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Table Of Contents  CertiGuide to Security+
 9  Chapter 3:  Infrastructure Security (Domain 3.0; 20%)
      9  3.2  Media
           9  3.2.4  Removable Media

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3.2.4.1  Tape
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3.2.4.3  Hard Drives
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3.2.4.2  CD-R (Compact Disc Recordable)
(Page 1 of 2)

Recordable (CD-R, or Compact Disc Recordable) and Rewritable (CD-RW, or Compact Disk-Rewritable) CD-ROM technology has become popular for moderate-sized backups, due to the modest cost of drives and media. Other interesting uses have appeared as well313.

Figure 31: If you look carefully you can see that the CD-RW (left) has less reflection than the CD-R (Right). This can cause some CD units to not ‘see’ a CD-RW.

 


CD-R allows for an area of the disc to be written once, although the entire disk does not have to be written all at the same time; CD-RW allows any area of the disc to be rewritten multiple times. Unlike tape and hard discs, CDR is based on optical technology with a laser used to create “pits” and “lands” in the media to store data.

How do you choose between the different types of CDR media? CD-R media tends to be less expensive, but keep in mind that it cannot be re-used. Once you’ve filled up the disk, you can’t go back and delete data off it to free up space, and continue writing. However, this is not necessarily a bad thing from the point of view of archiving. You may specifically WANT to write data onto media permanently, so that it cannot be altered or deleted once it is written. With CD-RW on the other hand, you can use it almost like a hard disk, adding and deleting files as desired.

[spacer]CD Replacing Tape

CD has largely replaced both tape and diskette as the software distribution media of choice, because of the “Orange Book” physical standards which help ensure compatibility, capacity (usually 650meg to 700meg, per disk), and adoption of standardized CD file system formats such as ISO and El Torito by vendors and the wide availability of CD-ROM drives. CD-R’s and CD-RWs are usually the size of a typical audio CD, however, some manufacturers make them in “interesting” formats such as business-card-sized CD’s, and “cd single” sized CD’s which have a lower capacity (150MB) than full-sized CD’s.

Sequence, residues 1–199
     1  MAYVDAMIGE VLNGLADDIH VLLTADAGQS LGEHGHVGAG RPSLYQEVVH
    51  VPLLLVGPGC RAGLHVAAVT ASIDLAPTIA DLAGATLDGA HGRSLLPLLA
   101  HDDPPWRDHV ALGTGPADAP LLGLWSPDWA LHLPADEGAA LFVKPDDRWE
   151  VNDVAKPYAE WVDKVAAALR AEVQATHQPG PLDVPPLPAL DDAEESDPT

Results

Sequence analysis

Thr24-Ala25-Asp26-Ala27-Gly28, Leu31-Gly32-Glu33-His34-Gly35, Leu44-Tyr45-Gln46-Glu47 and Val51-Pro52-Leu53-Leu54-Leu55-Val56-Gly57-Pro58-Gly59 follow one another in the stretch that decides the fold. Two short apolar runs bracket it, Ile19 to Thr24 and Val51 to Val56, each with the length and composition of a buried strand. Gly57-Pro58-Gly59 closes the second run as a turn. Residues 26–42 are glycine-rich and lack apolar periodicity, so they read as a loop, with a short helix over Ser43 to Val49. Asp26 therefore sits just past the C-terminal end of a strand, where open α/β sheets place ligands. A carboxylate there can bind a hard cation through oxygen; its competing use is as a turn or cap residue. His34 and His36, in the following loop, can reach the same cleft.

A note to those buying media: CD-R’s and CD-RW’s are not quite created equal. There are “fast” discs (supporting fast write speeds like 24x) and “slow” discs (supporting slower write speeds like 4x), and varying levels of media quality. You generally get what you pay for here. Those bargain CD-R’s may only be burnable at low speed (which increases the time it takes to write the info to the disc), or may have a very short life. For one-off temporary-use copies, bargain media may be sufficient. For backups, it almost certainly is not.

The composition of the media varies, depending on brand and quality. It consists of a reflective layer (either a silvery alloy, or 24K gold) and can include:

1. Cyanine dye (blue)

2. Phthalocyanine dye (aqua)

3. Metallized azo dye (dark blue)

4. Formazan dye (light green)

The type of reflective layer and dye may have a bearing on how long the media lasts (for example, phthalocyanine dye based CD’s are less sensitive to sunlight and UV radiation, while cyanine dye based CD’s are more forgiving of read/write power variations between drives). Additionally, some CD’s have an extra coating to help the CD resist scratches. Since scratching is one of the easiest ways to damage a CD-R or CD-RW, it is recommended that full-disc labels be used, to cover the top of the disc, to protect it from scratches and prolong its life.



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313. http://www.m4postcard.co.uk

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3.2.4.3  Hard Drives
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